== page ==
January 1937. Clouds of war are gathering over a fogbound London. Twenty-eight year old Jack is poor, lonely, and desperate to change his life, so when he’s offered the chance to join an Arctic expedition, he jumps at it.
Spirits are high as the ship leaves Norway: five men and eight huskies, crossing the Barents Sea by the light of the midnight sun. At last they reach the remote, uninhabited bay where they will camp for the next year, Gruhuken, but the Arctic summer is brief. As night returns to claim the land, Jack feels a creeping unease. One by one, his companions are forced to leave. He faces a stark choice: stay or go.
Soon he will see the last of the sun, as the polar night engulfs the camp in months of darkness. Soon he will reach the point of no return–when the sea will freeze, making escape impossible.
Gruhuken is not uninhabited. Jack is not alone. Something walks there in the dark.
My Review of Dark Matter
The story of the expedition to the Arctic is interesting and the descriptions are brilliantly done. The characters felt real to me, and I cared about what happened to them.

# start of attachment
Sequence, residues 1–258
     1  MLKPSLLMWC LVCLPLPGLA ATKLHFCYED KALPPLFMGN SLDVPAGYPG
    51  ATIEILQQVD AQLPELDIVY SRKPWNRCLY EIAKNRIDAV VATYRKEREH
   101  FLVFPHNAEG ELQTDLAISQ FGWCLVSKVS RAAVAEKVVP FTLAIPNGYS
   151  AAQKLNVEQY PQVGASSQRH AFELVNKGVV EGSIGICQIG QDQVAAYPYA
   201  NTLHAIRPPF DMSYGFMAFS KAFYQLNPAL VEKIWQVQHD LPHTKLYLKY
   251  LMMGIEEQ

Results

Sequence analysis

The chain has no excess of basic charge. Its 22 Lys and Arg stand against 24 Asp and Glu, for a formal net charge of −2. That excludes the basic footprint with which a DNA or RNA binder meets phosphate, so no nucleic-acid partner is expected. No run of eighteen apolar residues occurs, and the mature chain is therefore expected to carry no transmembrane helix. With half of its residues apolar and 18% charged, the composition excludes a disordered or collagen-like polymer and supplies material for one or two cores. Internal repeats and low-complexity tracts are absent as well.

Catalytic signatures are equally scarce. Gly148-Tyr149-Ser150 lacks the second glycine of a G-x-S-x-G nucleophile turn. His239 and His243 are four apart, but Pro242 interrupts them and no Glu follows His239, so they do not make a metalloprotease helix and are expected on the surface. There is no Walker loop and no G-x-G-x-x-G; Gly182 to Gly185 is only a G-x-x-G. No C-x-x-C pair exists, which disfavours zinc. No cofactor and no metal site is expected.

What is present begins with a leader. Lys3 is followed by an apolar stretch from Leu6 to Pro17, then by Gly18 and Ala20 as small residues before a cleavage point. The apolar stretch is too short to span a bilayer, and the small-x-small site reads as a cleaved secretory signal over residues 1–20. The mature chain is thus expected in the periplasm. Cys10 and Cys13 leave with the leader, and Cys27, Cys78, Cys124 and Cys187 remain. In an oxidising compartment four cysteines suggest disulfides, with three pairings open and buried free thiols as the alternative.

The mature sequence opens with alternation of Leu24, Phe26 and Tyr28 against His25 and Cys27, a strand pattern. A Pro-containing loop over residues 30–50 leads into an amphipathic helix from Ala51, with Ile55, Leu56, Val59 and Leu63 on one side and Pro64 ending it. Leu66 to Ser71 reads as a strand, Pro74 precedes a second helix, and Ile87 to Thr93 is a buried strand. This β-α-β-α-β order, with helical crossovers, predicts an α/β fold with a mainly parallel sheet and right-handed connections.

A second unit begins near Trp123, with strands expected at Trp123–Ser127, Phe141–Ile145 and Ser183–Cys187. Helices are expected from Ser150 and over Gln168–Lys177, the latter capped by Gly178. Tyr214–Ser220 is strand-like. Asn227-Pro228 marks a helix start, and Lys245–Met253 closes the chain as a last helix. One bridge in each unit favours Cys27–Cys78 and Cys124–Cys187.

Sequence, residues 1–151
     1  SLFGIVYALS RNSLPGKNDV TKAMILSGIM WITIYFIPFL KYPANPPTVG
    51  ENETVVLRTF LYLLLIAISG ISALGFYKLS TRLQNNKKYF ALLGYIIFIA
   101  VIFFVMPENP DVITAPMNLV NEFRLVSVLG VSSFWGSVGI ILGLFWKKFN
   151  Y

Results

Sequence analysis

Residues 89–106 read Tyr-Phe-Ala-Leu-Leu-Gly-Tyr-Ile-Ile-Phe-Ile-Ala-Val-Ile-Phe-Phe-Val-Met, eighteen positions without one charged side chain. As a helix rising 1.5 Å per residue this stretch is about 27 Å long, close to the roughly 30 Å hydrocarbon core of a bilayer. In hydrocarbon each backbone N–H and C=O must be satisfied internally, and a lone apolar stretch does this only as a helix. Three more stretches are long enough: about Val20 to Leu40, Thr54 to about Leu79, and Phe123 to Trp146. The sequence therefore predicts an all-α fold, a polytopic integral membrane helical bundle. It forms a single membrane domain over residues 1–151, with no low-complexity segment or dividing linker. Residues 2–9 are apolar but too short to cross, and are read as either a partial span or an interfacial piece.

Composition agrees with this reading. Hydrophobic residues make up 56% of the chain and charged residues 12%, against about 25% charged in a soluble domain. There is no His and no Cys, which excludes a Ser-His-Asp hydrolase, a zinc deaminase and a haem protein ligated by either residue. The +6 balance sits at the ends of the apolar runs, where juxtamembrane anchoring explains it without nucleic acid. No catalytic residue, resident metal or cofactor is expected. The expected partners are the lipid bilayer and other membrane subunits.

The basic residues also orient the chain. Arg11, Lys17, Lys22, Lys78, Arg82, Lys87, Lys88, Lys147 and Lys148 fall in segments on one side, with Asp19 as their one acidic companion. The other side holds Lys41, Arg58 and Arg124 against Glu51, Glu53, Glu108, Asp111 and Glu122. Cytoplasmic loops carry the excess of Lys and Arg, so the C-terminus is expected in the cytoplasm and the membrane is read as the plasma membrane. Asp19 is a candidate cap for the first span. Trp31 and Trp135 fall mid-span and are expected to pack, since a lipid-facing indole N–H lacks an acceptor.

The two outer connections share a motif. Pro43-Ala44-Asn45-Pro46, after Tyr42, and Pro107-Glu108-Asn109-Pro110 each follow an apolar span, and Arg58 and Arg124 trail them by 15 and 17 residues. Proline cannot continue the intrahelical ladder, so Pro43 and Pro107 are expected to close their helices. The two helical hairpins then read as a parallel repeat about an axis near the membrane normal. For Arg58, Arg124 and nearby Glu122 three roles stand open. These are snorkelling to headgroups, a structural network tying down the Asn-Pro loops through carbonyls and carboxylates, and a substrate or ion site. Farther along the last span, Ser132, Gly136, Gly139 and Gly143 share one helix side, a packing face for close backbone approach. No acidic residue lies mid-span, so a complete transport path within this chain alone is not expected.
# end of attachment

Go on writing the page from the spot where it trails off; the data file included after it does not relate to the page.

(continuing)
But I didn’t get enough of a feel for the the isolation or the darkness. Jack is never alone for long, then when he is he’s busy. I liked the journal format and I think it worked, but when Jack writes in it he condenses his day to the interesting bits and the long lonely hours aren’t included.
I did read it in the middle of summer, which didn’t help the atmosphere. I think this book would benefit from being read on a cold, dark evening. If you’re on your own, even better.
The important question: was I scared? Well, sort of, but not really. There was a nice build up, but it went on for too long. The reveal of how the ghost was created was creepy and very dark but felt a bit rushed and crammed in at the end. It feels like the book ends just as the scary things get going.
As a ghost story it falls a bit flat, but as a story about an Artic expedition with some dark, creepy elements then it works really well.